The cockpits of modern commercial aircraft are technological marvels, packed with features that aid pilots in their work. One example is the heads-up displays (HUDs) on a plane. But how exactly do they function? Let’s figure it out!
What is a “heads-up display”?
A HUD, or head-up display, is an instrument that projects important flight instrument data onto a small, transparent screen that is placed directly in front of the pilot’s line of sight as they look out the front of the aircraft. The name of the technology comes from the fact that the pilot need not tilt their head from an upright position to view the display of data from the instruments. It differs from other displays mounted lower in the cockpit because of this. Heads-up displays have the benefit of keeping the pilot’s eyes on the world around them while viewing and mentally processing the data in front of them.
What do Heads-Up-Displays (HUDs)display?
Heads-up displays can display a variety of data relevant to an aircraft’s operations at a given moment in time. However, FAA requires the following aspects in be displayed:
- Horizon Line
- Turb and slip/turn and bank indicator
But what else can a Heads-Up-Display (HUD) display?
A typical early HUD displayed a combination of situational and guidance data. The majority of this information was obtained from the Primary Flight Display (PFD) head-down display (HDD) or equivalent analogue instruments. Since the early days of the Electronic Flight Instrument System, the size of HDD EFIS screens has increased significantly, allowing much more information to be displayed on a primary flight display (PFD) and thus on a corresponding HUD.
The original airspeed, altitude, localizer, and glideslope were quickly joined by key derivative information on the aircraft’s energy status – a flight path (trend) vector (FPV). This was followed by a flight-path marker, an airspeed trend vector, an angle-of-attack indication, and a fictitious runway depiction. Landing-flare cues, tail strike warning, unusual-attitude and wind shear detection and recovery guidance, stall margin indications, and Airborne Collision Avoidance System (ACAS) alerts and advisories are all available on some systems.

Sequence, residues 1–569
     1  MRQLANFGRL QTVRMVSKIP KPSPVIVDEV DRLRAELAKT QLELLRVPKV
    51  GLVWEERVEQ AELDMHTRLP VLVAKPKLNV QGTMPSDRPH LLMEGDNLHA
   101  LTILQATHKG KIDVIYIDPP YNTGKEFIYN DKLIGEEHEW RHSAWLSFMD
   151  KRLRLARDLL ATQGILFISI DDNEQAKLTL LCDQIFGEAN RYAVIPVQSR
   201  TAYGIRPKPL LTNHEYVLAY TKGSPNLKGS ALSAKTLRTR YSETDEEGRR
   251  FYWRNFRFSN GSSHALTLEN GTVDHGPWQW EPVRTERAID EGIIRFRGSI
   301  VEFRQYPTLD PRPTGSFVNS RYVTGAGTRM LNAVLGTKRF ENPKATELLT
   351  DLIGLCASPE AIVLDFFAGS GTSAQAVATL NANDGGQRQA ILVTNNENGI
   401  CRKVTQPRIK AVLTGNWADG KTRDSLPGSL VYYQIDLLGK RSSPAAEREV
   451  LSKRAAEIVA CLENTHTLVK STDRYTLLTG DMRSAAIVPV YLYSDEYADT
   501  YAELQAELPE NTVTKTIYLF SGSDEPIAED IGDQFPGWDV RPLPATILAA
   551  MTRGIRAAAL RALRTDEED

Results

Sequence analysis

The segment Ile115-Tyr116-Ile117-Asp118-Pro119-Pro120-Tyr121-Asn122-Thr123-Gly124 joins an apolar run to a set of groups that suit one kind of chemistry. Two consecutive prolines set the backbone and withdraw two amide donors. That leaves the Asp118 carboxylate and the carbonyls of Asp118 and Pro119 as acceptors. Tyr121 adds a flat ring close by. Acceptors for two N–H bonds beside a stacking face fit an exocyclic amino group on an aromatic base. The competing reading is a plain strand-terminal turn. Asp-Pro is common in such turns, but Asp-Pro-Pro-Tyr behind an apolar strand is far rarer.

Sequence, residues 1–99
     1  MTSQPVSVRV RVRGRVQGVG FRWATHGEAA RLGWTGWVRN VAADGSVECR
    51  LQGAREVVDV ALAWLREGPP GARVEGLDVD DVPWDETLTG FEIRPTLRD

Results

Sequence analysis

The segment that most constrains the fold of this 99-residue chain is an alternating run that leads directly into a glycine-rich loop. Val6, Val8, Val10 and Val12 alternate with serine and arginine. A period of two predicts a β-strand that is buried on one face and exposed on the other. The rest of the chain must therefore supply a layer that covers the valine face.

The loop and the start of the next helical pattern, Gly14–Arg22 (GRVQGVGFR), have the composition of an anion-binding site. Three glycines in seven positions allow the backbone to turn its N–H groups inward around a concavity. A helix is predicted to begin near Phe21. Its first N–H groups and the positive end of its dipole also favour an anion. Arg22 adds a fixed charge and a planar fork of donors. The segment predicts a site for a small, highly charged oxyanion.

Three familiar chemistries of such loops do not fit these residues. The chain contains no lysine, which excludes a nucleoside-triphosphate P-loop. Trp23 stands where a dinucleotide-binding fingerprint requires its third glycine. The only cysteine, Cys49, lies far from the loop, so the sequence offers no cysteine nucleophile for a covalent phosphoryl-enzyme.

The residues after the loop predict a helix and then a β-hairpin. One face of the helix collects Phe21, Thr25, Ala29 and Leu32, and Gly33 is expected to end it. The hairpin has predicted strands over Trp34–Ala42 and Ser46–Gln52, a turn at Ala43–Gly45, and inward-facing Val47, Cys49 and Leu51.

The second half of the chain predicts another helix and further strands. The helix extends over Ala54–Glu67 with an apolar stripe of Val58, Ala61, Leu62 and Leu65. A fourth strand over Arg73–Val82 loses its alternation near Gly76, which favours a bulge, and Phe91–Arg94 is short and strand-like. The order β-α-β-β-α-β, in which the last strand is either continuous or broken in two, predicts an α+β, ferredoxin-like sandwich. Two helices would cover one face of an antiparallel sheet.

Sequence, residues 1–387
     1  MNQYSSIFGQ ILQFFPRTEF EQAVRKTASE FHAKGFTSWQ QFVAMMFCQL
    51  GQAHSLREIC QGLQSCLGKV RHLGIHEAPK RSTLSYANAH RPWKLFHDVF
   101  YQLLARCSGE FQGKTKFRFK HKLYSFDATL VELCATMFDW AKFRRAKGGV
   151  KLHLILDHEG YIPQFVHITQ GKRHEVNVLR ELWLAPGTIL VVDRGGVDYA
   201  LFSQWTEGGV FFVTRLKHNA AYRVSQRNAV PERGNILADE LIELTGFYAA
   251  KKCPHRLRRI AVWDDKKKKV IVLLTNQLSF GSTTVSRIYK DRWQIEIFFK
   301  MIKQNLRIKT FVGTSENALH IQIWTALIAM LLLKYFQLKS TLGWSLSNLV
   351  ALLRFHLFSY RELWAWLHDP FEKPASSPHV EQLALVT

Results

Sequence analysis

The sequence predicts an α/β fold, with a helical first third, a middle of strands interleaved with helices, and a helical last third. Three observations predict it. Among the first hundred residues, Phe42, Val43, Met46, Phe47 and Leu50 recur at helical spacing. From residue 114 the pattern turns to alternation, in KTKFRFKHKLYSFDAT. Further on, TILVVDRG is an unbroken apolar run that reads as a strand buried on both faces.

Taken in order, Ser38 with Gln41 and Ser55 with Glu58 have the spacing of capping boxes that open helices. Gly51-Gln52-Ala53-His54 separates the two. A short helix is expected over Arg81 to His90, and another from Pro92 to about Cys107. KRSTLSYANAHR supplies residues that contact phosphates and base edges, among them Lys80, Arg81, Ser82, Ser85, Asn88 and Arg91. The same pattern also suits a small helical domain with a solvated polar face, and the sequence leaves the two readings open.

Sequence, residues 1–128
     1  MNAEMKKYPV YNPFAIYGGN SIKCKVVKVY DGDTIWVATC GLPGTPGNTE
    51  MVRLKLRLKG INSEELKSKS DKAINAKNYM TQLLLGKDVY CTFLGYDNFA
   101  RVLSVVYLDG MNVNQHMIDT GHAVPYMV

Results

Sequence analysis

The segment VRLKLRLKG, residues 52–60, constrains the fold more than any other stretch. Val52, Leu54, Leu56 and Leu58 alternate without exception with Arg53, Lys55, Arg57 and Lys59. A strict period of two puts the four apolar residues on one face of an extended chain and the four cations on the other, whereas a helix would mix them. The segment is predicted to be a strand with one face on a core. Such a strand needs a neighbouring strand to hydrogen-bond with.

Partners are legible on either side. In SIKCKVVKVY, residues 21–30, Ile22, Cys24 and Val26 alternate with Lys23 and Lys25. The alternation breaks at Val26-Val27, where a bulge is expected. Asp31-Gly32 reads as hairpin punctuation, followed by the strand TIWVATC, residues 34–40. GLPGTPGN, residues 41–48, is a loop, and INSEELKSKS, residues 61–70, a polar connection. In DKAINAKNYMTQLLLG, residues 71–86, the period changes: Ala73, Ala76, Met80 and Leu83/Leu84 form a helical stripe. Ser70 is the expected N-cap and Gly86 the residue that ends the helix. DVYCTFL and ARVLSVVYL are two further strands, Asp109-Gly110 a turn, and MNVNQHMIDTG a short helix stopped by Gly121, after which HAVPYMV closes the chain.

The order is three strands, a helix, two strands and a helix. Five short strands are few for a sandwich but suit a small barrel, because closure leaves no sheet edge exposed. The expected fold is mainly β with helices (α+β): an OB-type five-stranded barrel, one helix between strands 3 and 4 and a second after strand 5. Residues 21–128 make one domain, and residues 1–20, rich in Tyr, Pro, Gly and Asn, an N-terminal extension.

In low visibility landings or rejected takeoffs, runway distance remaining and ground deceleration displays can be a critical aid in preventing runway excursion. One currently available deceleration display indicates braking performance as 1, 2, 3, or MAX, which correspond directly to autobrake settings, allowing for a clear display of any unexpected runway surface contaminant status during the landing roll.
Components of the Heads-Up-Display (HUD) system
It is worth noting, first and foremost, that this technology has evolved over time, with each generation operating in a slightly different manner. The HUD system usually include:
- An overhead unit for mounting the cathode ray tube (CRT), liquid-crystal display (LCD) or light-emitting diode (LED) which projects the assembled image onto the pilot’s transparent display screen.
- A computer that receives data from aircraft and generates display symbology.
- The transparent display screen, known as a combiner, is a ‘holographic optical element’ made of glass or plastic that reflects the projected image towards the pilot’s eyes while allowing ambient light to pass through.
- An annunciator panel to provide HUD status and warning information.
- A control panel that allows the pilot to select different display options and enter data not received and integrated by the computer from aircraft sensors.
Heads-up displays, like Enhanced Flight Vision Systems (EFVS), have their origins in military aircraft. In this domain, pilots may benefit from the use of helmet-mounted displays, in which the display moves in tandem with the pilot’s head. Modern fighter jets typically have both this technology and a traditional HUD, but the Lockheed Martin F-35 Lightning II only has a helmet-based system. HUDs. The Boeing 787 was the first large commercial aircraft to include HUD as standard equipment.